I was in London last week and had my first ever look inside Westminster Abbey. The price of entry almost put me off – £18! And as we all queued to pay, everything paused for a prayer to come over the public address system – it’s good that the Church makes Mammon wait for God now and again.
I was struck by the number of birds on display: ostrich, secretary bird, kestrel, black grouse, chough, some eagles and a strange looking black bird of prey (?).
That black bird of prey belongs to Sir John Chapple who is a proper birder, so that’s no surprise, I guess – I’ll have to ask him about it when I next see him (maybe at the Bird Fair).
The choughs were chosen by Lord Armstrong of Ilminster – it’s a while since there have been choughs seen in Ilminster, but it’s a good reminder of how widespread these birds were when there was more rough grassland around.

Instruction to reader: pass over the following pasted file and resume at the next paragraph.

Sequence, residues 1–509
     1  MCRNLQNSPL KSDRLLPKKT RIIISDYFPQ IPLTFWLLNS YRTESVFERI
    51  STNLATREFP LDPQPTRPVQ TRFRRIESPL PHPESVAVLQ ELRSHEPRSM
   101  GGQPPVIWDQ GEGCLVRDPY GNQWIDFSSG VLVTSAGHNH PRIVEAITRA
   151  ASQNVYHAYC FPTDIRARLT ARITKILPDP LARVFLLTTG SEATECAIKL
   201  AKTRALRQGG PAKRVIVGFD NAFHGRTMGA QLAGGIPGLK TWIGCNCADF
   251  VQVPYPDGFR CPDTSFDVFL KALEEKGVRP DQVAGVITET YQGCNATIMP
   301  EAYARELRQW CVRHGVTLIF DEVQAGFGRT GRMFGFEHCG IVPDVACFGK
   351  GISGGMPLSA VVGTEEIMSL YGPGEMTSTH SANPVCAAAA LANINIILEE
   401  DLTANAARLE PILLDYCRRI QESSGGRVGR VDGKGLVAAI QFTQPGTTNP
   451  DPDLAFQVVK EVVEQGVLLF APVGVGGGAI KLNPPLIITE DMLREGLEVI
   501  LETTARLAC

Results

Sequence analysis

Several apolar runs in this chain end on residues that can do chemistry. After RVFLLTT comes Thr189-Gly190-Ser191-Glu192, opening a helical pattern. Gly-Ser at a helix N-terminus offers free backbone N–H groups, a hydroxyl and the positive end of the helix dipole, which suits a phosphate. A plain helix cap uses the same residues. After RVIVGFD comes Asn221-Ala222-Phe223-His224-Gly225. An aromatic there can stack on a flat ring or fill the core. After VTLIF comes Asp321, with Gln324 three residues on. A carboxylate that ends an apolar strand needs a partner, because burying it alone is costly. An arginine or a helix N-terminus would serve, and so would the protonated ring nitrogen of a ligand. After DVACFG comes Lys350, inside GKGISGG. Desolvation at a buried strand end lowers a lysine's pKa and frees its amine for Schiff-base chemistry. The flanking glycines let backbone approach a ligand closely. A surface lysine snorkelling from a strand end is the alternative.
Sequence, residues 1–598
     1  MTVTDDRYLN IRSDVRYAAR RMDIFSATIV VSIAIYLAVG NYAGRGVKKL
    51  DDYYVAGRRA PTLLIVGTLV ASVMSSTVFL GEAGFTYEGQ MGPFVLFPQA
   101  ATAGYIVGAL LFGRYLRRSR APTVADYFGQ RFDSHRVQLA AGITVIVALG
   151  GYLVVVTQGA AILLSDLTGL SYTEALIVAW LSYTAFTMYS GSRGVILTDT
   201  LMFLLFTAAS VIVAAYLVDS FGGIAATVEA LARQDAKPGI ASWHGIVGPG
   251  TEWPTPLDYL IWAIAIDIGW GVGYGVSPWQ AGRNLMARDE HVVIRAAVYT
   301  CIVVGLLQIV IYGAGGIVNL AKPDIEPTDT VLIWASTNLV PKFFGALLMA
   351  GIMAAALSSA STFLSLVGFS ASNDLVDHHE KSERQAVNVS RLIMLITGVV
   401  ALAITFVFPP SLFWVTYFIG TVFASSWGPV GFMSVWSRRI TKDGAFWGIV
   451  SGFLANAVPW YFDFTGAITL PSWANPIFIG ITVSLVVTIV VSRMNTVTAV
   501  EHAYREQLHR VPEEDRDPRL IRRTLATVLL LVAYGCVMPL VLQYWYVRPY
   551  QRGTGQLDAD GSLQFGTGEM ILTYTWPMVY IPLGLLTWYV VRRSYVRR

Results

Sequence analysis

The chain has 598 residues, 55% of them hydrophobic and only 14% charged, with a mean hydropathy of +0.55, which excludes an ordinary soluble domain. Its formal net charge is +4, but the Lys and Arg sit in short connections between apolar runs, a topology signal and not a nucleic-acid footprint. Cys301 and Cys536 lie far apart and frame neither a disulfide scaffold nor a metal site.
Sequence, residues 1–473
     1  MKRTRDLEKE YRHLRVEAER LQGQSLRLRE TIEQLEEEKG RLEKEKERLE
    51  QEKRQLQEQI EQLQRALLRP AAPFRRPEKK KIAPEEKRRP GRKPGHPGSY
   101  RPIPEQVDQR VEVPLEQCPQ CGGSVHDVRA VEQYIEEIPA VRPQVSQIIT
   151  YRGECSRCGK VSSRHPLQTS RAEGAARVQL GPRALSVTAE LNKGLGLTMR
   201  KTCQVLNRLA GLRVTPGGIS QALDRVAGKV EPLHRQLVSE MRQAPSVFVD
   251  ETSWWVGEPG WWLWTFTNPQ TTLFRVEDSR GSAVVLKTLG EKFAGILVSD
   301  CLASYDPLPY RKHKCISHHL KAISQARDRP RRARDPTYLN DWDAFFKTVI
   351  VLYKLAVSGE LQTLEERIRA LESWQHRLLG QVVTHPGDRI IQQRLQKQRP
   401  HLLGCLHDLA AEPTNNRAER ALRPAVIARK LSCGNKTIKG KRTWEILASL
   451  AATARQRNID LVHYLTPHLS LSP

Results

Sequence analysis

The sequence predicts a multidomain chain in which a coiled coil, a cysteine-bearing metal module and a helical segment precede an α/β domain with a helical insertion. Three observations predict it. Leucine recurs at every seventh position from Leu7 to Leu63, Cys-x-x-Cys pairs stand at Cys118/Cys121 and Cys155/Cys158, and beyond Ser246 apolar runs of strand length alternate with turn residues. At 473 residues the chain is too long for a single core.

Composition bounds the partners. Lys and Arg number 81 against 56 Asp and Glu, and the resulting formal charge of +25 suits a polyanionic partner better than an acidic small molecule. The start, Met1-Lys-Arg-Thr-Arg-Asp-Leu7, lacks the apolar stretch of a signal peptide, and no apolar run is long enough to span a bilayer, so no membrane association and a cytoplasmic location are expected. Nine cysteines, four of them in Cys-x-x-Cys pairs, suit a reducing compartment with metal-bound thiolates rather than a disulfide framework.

The late Lord Moore of Wolvercote (nr Oxford) laid claim to the blackgame – I once lived in Wolvercote and didn’t see any black grouse on my cycle rides.
Sir Patrick Hine has an eagle on his crest.
The late Sir David Fraser used an ostrich on his crest.
Sir Kenneth Stowe has a bit of wit about him – he was a Permanent Secretary and his is the secretary bird!
But I haven’t tracked down the owner of the kestrel on his (or her) banner – any ideas anyone?